Here I am, as always, writing from the shadows. I am at the furthest edge of the darkest corner of the giant pond of talented storytellers. I have no distinguishing markings. I am not an adorable rainbow trout of a writer like Suzanne Collins or Chuck Wending. Even little kids can see one of them and tell you right away the breed and bearing of such a creative fish. I am not the underwater monster of my hero, Stephen King, monolithic in size and staggering to the mind. Nope. Keep looking deeper and further. I am beneath the silty slime, feeding and breeding with the other bottom-feeders, just looking for a way to get out of the murk and find a patch of water clear enough to really see through.
I read a quote recently that said, “A non-writing writer is a monster courting insanity.” Franz Kafka said it, and he would know. He wrote about a dude turning into a giant bug. He also didn’t finish a single full-length novel, preferring instead to burn about 90% of what he wrote.
Us insane monsters sure know how to party.
I have not written for myself for more than 2 months now. Is it any surprise that I find my grip on reality tenuous at best? My husband looks at me sometimes, asks me if I’m okay. I can’t bear to tell him that I am battling the invisible demons that rollick in my brain if I’m not careful and crafty enough to evade them through telling stories.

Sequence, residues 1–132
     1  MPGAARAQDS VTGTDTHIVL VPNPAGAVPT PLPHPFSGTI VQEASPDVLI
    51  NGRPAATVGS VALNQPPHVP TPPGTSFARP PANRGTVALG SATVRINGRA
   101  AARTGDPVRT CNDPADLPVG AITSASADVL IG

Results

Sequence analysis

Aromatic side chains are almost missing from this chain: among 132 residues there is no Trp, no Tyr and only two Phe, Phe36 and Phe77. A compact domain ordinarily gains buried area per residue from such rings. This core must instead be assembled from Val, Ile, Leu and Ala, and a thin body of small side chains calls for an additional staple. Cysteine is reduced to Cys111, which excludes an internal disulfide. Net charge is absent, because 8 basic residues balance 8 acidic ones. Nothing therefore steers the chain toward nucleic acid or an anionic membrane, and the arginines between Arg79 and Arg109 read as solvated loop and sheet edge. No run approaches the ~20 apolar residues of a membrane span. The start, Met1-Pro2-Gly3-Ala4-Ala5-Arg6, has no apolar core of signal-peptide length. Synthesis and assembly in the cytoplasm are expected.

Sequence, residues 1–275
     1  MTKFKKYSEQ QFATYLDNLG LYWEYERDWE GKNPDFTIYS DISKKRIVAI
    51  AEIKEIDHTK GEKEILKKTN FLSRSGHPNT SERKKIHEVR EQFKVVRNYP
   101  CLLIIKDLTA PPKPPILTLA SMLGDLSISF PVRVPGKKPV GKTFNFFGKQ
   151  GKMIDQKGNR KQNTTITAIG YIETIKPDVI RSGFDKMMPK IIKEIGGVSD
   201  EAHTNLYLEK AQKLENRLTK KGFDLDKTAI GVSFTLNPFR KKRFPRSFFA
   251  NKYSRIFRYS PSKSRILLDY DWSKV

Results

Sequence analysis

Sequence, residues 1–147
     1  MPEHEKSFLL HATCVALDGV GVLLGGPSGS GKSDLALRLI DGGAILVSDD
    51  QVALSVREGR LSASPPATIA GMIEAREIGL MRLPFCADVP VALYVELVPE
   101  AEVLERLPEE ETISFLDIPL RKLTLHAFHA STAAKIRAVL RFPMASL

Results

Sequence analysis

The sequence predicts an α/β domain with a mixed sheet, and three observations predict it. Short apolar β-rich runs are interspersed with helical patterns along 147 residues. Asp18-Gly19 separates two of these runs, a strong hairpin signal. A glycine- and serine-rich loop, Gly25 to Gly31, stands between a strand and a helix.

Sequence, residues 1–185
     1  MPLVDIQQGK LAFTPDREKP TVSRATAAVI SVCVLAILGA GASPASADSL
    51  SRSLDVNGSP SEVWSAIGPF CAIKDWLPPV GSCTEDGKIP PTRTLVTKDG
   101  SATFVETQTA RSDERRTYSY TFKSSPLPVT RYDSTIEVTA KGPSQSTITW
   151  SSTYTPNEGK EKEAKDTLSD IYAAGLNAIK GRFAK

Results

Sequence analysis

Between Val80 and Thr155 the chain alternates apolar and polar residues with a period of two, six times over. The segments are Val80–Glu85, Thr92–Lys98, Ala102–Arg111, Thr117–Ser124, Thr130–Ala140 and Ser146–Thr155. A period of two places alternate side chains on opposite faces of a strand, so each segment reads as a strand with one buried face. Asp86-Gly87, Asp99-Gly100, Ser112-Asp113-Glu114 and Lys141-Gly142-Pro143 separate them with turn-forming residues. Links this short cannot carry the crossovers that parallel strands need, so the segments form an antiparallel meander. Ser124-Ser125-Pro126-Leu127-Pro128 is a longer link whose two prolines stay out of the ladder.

And then, it might not matter at all. I might just be batshit crazy all the time and I only notice more when I’m not writing than when I am. Activity, even in the wrong direction, can cover a wealth of imperfections, don’t you think? As long as the presentation is good, does it really matter how messed up the truth really is?
And there is the issue: I worry about the presentation of things more than the substance.
I’m the person who spends 10% of my time picking out Christmas presents and 90% of my time wrapping the damn box. Can you imagine me running a business? Seriously. When it comes to Christmas though, you might get a pair of plain white socks from me, but you’ll get the shiniest wrapping paper, curliest ribbon and a nametag that sings to you as you open your present.
Anyone truly successful will tell you: presentation is 90% of the battle. In fact, with a good enough package, you might not even notice that there is nothing in the box at all.